The stringent humidity control and temperature control parameters mentioned above require a significant investment in chiller and boiler plants for large-scale production. These are both expensive to build and operate. Thus, the best way to control the size, capital cost and operating costs of these chiller and boiler plants is to place them in an optimally insulated environment. Emblem’s closed box environment is designed for maximum insulation value using an insulated exo-skeleton combined with internal cultivation room insulation for superior R-value.
As greenhouses have very limited insulation values, they need larger chiller and boiler plants to maintain the equivalent environmental conditions. This means, although building the greenhouse may be less expensive than Emblem’s double-insulated industrial building, those savings are more than offset by the increased cost of environmental control systems.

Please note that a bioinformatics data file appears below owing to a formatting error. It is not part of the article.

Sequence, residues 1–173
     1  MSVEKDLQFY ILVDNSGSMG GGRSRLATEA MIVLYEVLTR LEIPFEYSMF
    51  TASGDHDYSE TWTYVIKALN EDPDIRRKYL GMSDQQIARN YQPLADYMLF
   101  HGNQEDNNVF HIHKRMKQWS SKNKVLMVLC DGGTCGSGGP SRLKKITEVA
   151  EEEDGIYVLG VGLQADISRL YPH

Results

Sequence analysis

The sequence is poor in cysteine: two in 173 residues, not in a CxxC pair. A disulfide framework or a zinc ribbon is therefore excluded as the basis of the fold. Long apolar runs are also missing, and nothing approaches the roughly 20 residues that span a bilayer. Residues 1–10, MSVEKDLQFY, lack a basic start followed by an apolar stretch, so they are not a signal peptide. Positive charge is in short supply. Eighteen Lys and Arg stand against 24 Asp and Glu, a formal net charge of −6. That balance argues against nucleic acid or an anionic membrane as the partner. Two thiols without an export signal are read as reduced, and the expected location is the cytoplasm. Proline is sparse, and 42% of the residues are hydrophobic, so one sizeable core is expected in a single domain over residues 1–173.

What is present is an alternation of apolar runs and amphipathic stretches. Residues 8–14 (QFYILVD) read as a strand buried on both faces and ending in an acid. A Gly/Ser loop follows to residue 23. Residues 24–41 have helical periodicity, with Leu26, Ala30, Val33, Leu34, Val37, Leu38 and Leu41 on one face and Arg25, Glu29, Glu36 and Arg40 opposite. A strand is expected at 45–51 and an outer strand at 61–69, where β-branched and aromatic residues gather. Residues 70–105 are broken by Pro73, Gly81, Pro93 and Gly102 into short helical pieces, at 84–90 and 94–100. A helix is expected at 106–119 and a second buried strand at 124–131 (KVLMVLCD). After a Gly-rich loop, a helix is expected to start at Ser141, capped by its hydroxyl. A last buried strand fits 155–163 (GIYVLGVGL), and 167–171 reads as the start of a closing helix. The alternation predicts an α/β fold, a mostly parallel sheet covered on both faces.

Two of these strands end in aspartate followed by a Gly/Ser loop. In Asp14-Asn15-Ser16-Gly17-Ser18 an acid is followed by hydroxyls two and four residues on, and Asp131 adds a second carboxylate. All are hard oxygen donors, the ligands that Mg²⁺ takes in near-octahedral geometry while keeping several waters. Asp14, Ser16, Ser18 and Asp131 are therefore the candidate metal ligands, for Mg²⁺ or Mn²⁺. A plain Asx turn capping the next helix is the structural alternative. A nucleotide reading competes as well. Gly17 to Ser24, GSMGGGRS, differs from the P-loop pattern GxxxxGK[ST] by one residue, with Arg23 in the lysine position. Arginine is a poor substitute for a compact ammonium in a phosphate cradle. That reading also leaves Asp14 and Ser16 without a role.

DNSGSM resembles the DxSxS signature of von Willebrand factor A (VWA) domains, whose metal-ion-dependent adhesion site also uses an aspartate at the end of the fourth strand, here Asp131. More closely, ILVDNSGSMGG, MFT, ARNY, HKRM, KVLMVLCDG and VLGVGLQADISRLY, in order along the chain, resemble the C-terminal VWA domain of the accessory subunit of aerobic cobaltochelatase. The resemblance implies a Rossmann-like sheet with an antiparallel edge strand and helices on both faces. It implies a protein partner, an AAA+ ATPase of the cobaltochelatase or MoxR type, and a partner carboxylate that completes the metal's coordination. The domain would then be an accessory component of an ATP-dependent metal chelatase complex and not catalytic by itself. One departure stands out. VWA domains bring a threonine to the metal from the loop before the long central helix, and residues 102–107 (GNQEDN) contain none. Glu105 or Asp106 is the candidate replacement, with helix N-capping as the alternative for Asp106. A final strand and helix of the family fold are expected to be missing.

Greenhouses do offer access to natural sunlight which can offset some electricity costs from the operation of grow lights. However, due to the low amount of available sunlight in Canada, this cost saving is relatively modest. In fact, greenhouse operators have the same number of HPS grow lights per square foot of cultivation space as closed box facilities, since they require artificial lighting most of the year. Ultimately, the small saving on electricity provided by natural sunlight is not sufficient to offset the increased operating costs that greenhouses will incur in operating chiller and boiler plants.
I am reading that many of Emblem’s competitors are expanding their capacity for the recreational market by acquiring other Canadian licensed producers. Why isn’t Emblem doing that?
Emblem will be building out all of its anticipated future production capacity in Paris, ON. The recently acquired, 80-acre site is expected to facilitate all of our reasonably anticipated future expansion needs, both in terms of available space and industrial infrastructure.
There are a number of reasons why Emblem is pursuing this approach rather than attempting to increase capacity through the acquisition of other licensed producers: